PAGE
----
The Internal Revenue Service has not developed sufficient processes to ensure that more than 61 million tax refunds were directly deposited last tax season to the correct bank account, according to a new report from the Treasury's inspector general.The Treasury Inspector General for Tax Administration said that the IRS places responsibility for compliance with federal direct deposit regulations on the taxpayer, and indicated that it is the taxpayer's responsibility to ensure that their tax refunds are directly deposited only into their accounts. TIGTA and representatives from the Treasury's Financial Management Service, however, believe that the IRS is responsible for enforcing the requirement.

The IRS has taken limited actions to ensure the accuracy of direct deposit information, noted TIGTA, but nonetheless, some tax refunds are being sent to accounts that are not in the taxpayer's name. The report found that last year, over 700,000 bank accounts received three or more tax refunds, totaling approximately $8.14 billion. In 2006, the IRS worked on an estimated 1,800 cases in which a taxpayer's refund was deposited into an account not in their name. The problems mainly resulted from a taxpayer or IRS transcription error, with most attributed to taxpayer error.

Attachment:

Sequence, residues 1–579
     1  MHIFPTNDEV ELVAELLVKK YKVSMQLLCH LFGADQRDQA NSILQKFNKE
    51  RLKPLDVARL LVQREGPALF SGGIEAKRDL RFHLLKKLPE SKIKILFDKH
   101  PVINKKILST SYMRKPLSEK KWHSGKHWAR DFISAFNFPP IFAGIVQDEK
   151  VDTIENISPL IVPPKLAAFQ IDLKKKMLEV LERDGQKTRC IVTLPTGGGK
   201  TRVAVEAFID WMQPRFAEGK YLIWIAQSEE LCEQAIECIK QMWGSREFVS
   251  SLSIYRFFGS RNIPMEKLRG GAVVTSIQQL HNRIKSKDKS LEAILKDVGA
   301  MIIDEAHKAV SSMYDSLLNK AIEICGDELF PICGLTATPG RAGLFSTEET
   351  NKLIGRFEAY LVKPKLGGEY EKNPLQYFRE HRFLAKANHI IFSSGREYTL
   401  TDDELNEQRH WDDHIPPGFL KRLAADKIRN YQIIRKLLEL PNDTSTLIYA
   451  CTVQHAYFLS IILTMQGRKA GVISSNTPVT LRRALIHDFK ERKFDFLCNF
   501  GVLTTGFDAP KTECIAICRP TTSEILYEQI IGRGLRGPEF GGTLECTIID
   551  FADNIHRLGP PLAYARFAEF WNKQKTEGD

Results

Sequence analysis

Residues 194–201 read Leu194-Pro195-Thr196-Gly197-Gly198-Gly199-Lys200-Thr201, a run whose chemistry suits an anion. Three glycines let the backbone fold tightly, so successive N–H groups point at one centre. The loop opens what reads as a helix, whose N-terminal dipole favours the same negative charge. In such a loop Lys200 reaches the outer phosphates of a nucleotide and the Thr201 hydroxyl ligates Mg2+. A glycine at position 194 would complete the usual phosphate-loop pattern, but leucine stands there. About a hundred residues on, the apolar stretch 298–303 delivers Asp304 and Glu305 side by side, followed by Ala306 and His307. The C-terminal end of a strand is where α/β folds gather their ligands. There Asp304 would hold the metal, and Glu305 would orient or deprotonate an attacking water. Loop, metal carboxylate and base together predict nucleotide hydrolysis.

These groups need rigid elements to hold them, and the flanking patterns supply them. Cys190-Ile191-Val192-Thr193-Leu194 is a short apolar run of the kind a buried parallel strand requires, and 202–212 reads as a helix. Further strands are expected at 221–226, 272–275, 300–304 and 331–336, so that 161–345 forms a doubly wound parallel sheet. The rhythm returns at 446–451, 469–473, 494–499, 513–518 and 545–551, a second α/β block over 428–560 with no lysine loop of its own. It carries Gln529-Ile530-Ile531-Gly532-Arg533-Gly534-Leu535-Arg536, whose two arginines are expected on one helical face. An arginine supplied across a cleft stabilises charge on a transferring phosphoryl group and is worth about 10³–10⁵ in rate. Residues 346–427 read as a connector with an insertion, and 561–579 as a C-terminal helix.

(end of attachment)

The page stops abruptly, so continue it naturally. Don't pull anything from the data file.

TIGTA recommended that the commissioner of the IRS's Wage and Investment Division should coordinate with responsible federal agencies and banking institutions to develop a process to ensure that direct deposit payments are made only to a deposit account in the name of the recipient. Meanwhile, the IRS should limit the number of direct deposits being sent to the same account. Also, an education campaign should be developed to alert stakeholders of the requirements. Finally, the IRS should also improve procedures for assisting taxpayers in recovering their erroneously deposited tax refunds.

The IRS disagreed that it should coordinate with responsible federal agencies and banking institutions because it is beyond the agency's jurisdiction. It also disagreed that it should limit the number of direct deposits to the same account, because it would not meet the requirements of the regulations and because of difficulties implementing a similar control in the past.

The IRS did not propose any significant corrective actions to address the first recommendation. IRS officials stated that they agreed with TIGTA's other two recommendations and plan to take corrective actions.

However, TIGTA is concerned with the lack of proposed corrective actions for its first recommendation. "Individuals have used direct deposit to commit refund fraud and there are instances in which thousands of refunds were sent to the same account in violation of federal regulations," said the report. "As the use of direct deposit grows, the risk of potential large-scale fraud will increase."

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